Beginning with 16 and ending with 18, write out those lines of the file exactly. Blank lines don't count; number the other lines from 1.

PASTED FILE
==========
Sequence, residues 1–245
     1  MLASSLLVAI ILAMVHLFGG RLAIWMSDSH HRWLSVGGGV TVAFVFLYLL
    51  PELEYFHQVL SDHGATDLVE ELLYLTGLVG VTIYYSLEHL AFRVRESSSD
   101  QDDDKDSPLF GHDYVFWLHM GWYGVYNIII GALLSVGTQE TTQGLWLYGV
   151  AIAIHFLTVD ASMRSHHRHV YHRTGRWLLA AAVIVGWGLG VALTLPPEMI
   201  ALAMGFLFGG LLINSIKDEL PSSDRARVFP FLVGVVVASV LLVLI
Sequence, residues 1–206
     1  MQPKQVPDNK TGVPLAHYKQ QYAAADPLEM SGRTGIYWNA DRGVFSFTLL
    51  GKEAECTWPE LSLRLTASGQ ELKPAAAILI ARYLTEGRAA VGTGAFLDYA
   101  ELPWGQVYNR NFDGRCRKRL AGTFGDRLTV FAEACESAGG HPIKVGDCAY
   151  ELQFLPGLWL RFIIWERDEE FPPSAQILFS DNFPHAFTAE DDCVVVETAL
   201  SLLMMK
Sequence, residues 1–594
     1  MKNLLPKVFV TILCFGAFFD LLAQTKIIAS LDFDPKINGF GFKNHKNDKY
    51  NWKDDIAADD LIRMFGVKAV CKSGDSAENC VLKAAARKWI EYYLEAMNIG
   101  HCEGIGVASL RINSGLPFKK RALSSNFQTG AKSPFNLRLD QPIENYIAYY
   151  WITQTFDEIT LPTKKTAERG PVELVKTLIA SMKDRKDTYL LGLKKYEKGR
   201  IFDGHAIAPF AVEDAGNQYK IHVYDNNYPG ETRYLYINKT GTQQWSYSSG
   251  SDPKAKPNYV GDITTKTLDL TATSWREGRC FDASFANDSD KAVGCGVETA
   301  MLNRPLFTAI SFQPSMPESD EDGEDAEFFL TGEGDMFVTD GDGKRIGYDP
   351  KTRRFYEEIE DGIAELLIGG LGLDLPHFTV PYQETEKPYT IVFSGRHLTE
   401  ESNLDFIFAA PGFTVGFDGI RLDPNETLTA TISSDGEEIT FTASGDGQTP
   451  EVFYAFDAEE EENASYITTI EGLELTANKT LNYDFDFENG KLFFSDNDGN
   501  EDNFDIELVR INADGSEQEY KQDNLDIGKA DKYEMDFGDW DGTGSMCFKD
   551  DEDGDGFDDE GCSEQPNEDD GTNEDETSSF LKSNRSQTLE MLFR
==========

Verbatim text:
   101  HCEGIGVASL RINSGLPFKK RALSSNFQTG AKSPFNLRLD QPIENYIAYY
   151  WITQTFDEIT LPTKKTAERG PVELVKTLIA SMKDRKDTYL LGLKKYEKGR
   201  IFDGHAIAPF AVEDAGNQYK IHVYDNNYPG ETRYLYINKT GTQQWSYSSG